Apple’s next-generation iPhone battery will increase in capacity slightly, but not as much as you might have expected. According to a recent photo leak published by 9to5mac, the iPhone 5 battery features a capacity of 1440 mAh and a new, increased voltage of 3.8.
This battery has only marginally higher capacity than the iPhone 4S’ 1430 mAh battery, and the 1420 mAh version of the iPhone 4. Also, the new battery—which is supposed to be part of the next-generation Smartphone—has a new voltage of 3.8, up from 3.7 (iPhone 4S and 4), and a slightly increased watts-per-hour measurement of 5.45 (5.3 iPhone 4S and 5.2 iPhone 4).
With this information in mind, we were wondering if the iPhone 5 will be an LTE-capable device, but we rapidly dismissed our doubts: LTE is a no-brainer, as the new iPad clearly shows where is Apple ringing the bell. With carriers around the globe set to upgrade their network to the much faster 4G network, and China Mobile already testing its Long-Term Evolution network, it is obvious that the iPhone 5 will feature 4G connectivity.
But as mobile users on 4G networks report, battery life is a “pain in the ass”, which means Apple’s 1440 mAh battery could cause a sharp drop in iPhone consumer satisfaction. The iPhone 4S’ battery life is already the No. 1 complaint of the iPhone user base. In addition to 4G LTE, the next-generation iPhone battery has to light up all 640 x 1136 pixels, so at first glance the 1440 mAh sounds like a bad decision. The battery ceases to become a problem if we consider two main change factors: Apple opted for the latest in-cell touch panel technology (or maybe IGZO panels?), and we expect the iPhone 5 to feature Qualcomm’s latest Gobi chips.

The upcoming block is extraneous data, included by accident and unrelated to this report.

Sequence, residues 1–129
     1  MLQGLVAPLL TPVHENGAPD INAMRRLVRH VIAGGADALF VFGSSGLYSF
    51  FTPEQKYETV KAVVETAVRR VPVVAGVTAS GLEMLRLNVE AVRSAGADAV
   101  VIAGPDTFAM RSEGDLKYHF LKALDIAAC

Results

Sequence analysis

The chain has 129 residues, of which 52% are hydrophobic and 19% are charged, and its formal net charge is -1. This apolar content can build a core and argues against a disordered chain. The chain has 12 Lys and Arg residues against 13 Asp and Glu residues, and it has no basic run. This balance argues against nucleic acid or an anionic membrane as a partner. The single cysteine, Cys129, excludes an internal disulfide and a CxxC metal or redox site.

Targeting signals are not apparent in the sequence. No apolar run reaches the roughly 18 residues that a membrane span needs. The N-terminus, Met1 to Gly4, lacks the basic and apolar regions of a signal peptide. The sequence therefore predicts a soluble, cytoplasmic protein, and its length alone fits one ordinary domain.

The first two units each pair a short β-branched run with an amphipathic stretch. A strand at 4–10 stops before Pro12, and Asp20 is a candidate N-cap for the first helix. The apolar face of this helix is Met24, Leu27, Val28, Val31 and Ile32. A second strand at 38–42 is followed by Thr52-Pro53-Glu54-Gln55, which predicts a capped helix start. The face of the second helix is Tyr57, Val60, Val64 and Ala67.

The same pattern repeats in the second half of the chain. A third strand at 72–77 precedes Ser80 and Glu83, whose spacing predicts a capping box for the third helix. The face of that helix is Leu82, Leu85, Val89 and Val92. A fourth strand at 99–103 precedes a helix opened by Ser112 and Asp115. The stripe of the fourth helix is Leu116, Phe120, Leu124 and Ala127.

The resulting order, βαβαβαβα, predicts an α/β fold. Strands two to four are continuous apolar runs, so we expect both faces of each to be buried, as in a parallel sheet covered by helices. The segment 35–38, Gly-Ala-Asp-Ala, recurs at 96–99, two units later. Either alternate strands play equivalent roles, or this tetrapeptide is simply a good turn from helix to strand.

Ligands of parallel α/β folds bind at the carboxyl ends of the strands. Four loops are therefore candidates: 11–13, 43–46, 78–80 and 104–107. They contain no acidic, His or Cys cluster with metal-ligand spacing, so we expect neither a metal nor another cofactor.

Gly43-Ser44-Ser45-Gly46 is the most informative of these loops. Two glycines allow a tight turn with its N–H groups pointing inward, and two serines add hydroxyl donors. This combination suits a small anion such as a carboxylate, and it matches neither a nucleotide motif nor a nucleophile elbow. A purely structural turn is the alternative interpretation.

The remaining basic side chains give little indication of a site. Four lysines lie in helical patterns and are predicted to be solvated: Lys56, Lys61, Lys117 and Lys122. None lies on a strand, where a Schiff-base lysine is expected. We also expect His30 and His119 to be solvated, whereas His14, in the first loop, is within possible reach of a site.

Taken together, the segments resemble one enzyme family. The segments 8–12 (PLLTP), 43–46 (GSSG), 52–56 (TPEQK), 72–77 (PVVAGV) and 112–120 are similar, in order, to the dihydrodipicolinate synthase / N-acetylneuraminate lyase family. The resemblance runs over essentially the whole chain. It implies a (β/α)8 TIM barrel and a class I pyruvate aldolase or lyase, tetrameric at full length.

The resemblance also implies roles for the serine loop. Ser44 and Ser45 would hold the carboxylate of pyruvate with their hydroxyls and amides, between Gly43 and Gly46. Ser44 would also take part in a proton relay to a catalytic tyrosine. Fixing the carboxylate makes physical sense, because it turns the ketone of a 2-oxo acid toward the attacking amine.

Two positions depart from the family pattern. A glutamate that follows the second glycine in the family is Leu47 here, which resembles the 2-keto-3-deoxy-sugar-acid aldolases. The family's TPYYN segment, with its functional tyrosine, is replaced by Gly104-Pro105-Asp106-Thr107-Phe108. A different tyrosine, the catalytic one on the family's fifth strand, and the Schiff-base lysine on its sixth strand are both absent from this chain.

Why is this important? The key is power consumption. Apple has upgraded the battery by 15%, which sounds odd. But let’s take a look at what these new technologies mean in terms of power consumption. If Sharp will indeed be manufacturing the iPhone 5 display, then we expect the iPhone 5 to feature IGZO displays, technology famous for its energy- and cost-saving ability. An IGZO display means a 20% decrease in power consumption compared to the traditional LCD panel.
Going further, Qualcomm’s latest Gobi chips enable the iPhone 5 to connect to almost any network around the globe. In addition, the chipsets are implemented using a 28 nm manufacturing process, featuring significant improvements in performance and power consumption. To put it in numbers: the 28 nm process reduces both standby and operation power by more than 40%.
In other words, the iPhone 5 battery, which will hardly increase in capacity compared to the iPhone 4S’ 1430 mAh pack, will be able keep the next-generation iPhone up to Apple’s standards. Apple's current battery consumption stands at up to 8 hours on 3G, up to 14 hours on 2G, standby time up to 200 hours, Internet use 6 hours on 3G, 9 hours on Wi-Fi, video playback 10 hours and audio playback up to 40 hours. However, since this is a leak, it needs to be taken with a pinch of salt until Apple to confirms the iPhone battery specs in just 5 short weeks.Contact Us for News Tips, Corrections and Feedback